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Putting culture at the core of the Christchurch rebuild

A ballerina is painted on the back of the Theatre Royal in Christchurch by Tauranga artist Owen Dippie and his team. Jocelyn Kinghorn

Three recent events in the New Zealand city of Christchurch, almost four years on from the magnitude 6.3 earthquake in February 2011, suggest that arts and culture are playing a central role in the recovery of the city’s social fabric.

In the popular memory, Christchurch suffered just two earthquakes. The first on September 4 2010 and the lethal monster of February 22 2011 that killed 185 residents and visitors.

But 2011 was a year of many major aftershocks for Christchurch. One triggered liquefaction under the Christchurch Arts Gallery, requiring a major re-levelling of the building, and another, on December 23, ended the hopes of a relative modest repairs to the Isaac Theatre Royal in the former CBD.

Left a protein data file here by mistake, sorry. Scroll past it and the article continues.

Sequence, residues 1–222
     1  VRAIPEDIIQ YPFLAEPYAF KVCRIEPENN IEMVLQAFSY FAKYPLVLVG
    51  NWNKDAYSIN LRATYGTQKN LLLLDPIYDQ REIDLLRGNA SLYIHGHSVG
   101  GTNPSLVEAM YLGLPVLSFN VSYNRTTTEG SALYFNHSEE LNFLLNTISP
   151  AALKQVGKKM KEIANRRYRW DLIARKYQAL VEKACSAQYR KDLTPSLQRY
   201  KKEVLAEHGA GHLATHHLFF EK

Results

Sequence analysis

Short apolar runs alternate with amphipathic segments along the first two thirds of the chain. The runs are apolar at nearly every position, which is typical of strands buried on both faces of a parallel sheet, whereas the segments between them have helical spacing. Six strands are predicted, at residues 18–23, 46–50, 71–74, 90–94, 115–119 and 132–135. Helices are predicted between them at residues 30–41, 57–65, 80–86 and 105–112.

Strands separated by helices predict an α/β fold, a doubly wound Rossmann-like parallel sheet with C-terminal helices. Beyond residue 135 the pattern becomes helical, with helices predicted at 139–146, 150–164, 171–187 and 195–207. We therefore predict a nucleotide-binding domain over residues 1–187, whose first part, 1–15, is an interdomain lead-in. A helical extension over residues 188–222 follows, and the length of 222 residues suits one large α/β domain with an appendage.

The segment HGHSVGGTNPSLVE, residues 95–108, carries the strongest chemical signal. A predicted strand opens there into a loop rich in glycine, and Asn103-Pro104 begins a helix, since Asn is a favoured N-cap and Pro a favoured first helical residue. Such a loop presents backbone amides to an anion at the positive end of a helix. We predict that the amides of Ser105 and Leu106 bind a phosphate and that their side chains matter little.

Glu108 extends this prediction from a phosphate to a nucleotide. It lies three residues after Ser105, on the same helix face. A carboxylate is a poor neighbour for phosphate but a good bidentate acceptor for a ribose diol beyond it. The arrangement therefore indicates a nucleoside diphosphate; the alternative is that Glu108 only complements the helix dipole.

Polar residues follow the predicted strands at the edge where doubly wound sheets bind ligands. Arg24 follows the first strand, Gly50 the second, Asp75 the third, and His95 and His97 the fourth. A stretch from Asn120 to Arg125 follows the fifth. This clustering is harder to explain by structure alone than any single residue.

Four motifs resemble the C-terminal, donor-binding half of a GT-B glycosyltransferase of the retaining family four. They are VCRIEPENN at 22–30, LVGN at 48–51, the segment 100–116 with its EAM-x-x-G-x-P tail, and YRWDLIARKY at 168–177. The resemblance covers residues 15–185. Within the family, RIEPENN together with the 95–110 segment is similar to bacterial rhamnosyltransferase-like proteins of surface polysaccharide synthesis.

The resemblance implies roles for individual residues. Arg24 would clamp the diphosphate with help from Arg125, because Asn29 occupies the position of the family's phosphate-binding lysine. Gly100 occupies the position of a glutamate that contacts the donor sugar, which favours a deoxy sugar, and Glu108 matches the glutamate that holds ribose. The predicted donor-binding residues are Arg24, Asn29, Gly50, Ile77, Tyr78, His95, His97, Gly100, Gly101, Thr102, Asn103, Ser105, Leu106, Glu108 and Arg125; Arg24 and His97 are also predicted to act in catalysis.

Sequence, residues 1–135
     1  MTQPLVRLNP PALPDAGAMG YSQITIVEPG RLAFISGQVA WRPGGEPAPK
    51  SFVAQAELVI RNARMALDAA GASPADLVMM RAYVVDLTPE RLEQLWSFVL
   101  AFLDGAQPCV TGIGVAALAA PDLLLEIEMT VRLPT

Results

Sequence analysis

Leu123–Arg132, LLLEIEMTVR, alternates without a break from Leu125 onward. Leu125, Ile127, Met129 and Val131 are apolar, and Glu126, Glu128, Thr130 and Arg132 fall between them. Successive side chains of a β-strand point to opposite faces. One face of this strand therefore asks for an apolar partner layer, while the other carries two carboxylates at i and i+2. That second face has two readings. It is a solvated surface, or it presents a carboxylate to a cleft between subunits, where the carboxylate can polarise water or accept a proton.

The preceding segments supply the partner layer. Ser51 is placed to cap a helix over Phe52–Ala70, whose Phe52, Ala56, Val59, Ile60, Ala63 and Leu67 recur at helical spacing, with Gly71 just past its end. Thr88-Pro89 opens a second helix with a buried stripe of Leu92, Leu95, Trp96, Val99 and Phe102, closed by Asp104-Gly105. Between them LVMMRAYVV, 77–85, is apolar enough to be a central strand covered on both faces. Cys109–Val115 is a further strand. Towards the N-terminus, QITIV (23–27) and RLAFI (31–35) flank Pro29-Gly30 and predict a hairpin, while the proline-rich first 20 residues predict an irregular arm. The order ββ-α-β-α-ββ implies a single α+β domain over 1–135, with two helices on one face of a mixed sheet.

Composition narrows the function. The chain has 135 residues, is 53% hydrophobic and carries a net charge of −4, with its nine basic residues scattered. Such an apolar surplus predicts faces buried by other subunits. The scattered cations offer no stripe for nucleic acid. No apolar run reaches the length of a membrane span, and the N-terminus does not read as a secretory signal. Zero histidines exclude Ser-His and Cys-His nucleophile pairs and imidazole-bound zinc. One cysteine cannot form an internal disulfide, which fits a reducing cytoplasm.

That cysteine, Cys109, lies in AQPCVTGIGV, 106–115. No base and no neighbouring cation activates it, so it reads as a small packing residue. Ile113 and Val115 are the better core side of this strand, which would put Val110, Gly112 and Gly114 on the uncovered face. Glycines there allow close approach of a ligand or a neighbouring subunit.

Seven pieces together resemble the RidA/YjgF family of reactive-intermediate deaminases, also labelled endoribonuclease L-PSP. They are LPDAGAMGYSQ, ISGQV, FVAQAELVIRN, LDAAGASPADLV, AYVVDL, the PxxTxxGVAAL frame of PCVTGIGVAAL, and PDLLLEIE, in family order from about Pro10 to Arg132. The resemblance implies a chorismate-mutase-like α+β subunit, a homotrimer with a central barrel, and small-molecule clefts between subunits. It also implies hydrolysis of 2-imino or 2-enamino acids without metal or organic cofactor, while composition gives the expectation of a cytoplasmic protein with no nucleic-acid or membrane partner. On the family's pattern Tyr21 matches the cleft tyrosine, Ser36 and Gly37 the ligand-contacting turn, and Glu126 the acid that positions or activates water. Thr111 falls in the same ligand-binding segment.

A bull and a piano

One of the early signs of cultural renewal was a bull and a piano. Or more correctly, a massive bronze sculpture of a bull on a piano. It is one of two similar works first exhibited in the New Zealand Pavilion at the 2011 Venice Biennale: On First Looking into Chapman’s Homer by Michael Parekowhai.

Chapman’s Homer stood in the garden of Palazzo Loredan dell'Ambasciatore in Venice, while its companion piece, A Peak in Darien, stood at the french doors at the Grand Canal end of the ground floor ballroom. Between them a pianist played on an intricately-carved Steinway concert grand, painted red for the Venice Republic, while in the garden shrubbery a bronze security guard stood watch.

Michael Parekowhai’s Venice Biennale installation ‘On first looking into Chapman’s Homer’ moves to Christchurch. kebabette, CC BY-NC-SA

In the winter of 2012, the director of the Christchurch Art Gallery Jenny Harper, brought the two sculptures to Christchurch and exhibited them just outside the CBD Red Zone barrier. Their bronze-dark formal lines contrasted with the rubble strewn landscape, dotted with derelict buildings, in a chilling and affecting manner.